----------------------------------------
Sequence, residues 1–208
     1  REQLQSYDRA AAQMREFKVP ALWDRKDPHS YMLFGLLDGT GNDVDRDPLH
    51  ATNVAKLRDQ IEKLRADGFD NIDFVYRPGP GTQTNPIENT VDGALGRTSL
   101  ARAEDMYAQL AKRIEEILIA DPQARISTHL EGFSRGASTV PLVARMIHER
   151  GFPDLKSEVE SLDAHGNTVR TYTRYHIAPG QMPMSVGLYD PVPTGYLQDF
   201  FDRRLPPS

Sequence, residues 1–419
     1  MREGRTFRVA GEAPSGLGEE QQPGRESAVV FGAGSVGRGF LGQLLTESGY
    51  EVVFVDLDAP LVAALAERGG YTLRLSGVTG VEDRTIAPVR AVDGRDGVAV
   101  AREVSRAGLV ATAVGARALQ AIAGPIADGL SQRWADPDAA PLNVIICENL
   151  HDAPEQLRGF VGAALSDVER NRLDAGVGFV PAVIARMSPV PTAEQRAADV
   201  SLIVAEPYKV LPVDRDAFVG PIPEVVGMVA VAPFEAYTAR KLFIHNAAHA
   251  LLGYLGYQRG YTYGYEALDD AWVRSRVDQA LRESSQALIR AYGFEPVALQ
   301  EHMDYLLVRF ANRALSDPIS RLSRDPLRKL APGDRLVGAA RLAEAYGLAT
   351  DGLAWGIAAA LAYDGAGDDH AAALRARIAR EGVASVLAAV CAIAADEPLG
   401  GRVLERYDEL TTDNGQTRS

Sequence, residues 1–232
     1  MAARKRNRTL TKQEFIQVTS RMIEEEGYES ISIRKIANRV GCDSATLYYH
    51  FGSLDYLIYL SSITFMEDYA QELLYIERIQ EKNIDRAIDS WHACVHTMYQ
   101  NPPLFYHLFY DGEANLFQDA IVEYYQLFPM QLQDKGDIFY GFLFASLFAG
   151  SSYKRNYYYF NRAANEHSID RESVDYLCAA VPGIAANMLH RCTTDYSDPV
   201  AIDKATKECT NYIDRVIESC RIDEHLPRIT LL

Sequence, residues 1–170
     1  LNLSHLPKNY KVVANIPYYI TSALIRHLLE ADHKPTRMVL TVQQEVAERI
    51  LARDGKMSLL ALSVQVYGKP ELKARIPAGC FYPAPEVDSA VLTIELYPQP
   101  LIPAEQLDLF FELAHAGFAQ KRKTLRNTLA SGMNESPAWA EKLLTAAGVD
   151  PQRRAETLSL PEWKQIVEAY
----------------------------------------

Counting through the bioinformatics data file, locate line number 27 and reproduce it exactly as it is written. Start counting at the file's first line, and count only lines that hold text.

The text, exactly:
   151  PQRRAETLSL PEWKQIVEAY